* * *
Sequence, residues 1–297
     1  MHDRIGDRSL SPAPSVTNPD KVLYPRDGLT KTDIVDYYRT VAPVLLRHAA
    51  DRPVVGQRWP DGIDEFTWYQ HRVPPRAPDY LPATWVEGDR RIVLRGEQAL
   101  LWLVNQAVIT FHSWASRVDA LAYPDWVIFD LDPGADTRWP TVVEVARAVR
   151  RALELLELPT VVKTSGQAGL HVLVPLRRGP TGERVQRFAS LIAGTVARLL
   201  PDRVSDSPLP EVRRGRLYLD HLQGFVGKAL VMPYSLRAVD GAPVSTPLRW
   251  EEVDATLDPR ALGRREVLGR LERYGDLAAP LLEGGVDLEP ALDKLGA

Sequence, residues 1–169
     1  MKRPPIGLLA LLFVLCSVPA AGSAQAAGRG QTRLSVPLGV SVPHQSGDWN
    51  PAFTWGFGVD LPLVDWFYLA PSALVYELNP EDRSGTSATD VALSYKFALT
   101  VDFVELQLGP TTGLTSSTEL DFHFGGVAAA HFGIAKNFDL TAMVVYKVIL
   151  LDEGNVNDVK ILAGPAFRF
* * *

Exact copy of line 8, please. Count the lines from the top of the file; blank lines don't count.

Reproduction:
Sequence, residues 1–169